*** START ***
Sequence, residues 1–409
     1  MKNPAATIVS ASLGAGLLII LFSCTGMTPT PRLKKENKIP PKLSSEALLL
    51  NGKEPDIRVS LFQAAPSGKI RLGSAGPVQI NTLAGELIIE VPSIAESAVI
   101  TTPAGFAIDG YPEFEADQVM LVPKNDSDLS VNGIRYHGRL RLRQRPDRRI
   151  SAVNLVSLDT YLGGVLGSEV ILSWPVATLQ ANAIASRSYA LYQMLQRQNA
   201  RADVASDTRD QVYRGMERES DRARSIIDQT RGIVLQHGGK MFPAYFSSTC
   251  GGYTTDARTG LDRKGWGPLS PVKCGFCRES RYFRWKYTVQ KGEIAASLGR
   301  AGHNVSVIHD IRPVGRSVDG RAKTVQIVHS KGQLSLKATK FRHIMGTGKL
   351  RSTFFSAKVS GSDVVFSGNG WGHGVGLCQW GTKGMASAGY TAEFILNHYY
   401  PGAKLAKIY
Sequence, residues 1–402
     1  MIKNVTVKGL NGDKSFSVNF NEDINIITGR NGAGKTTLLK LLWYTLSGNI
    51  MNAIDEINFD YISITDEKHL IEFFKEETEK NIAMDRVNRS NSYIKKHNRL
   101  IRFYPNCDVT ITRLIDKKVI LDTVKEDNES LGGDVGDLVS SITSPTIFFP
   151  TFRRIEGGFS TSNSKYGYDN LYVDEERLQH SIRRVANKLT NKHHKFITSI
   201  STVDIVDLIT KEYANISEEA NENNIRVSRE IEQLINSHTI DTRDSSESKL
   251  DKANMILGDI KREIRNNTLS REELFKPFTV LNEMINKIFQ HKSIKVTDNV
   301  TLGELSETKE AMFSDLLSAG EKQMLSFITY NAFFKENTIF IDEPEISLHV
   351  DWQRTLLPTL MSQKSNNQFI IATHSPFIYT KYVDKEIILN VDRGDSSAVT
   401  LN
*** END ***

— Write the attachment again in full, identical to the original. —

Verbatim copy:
Sequence, residues 1–409
     1  MKNPAATIVS ASLGAGLLII LFSCTGMTPT PRLKKENKIP PKLSSEALLL
    51  NGKEPDIRVS LFQAAPSGKI RLGSAGPVQI NTLAGELIIE VPSIAESAVI
   101  TTPAGFAIDG YPEFEADQVM LVPKNDSDLS VNGIRYHGRL RLRQRPDRRI
   151  SAVNLVSLDT YLGGVLGSEV ILSWPVATLQ ANAIASRSYA LYQMLQRQNA
   201  RADVASDTRD QVYRGMERES DRARSIIDQT RGIVLQHGGK MFPAYFSSTC
   251  GGYTTDARTG LDRKGWGPLS PVKCGFCRES RYFRWKYTVQ KGEIAASLGR
   301  AGHNVSVIHD IRPVGRSVDG RAKTVQIVHS KGQLSLKATK FRHIMGTGKL
   351  RSTFFSAKVS GSDVVFSGNG WGHGVGLCQW GTKGMASAGY TAEFILNHYY
   401  PGAKLAKIY
Sequence, residues 1–402
     1  MIKNVTVKGL NGDKSFSVNF NEDINIITGR NGAGKTTLLK LLWYTLSGNI
    51  MNAIDEINFD YISITDEKHL IEFFKEETEK NIAMDRVNRS NSYIKKHNRL
   101  IRFYPNCDVT ITRLIDKKVI LDTVKEDNES LGGDVGDLVS SITSPTIFFP
   151  TFRRIEGGFS TSNSKYGYDN LYVDEERLQH SIRRVANKLT NKHHKFITSI
   201  STVDIVDLIT KEYANISEEA NENNIRVSRE IEQLINSHTI DTRDSSESKL
   251  DKANMILGDI KREIRNNTLS REELFKPFTV LNEMINKIFQ HKSIKVTDNV
   301  TLGELSETKE AMFSDLLSAG EKQMLSFITY NAFFKENTIF IDEPEISLHV
   351  DWQRTLLPTL MSQKSNNQFI IATHSPFIYT KYVDKEIILN VDRGDSSAVT
   401  LN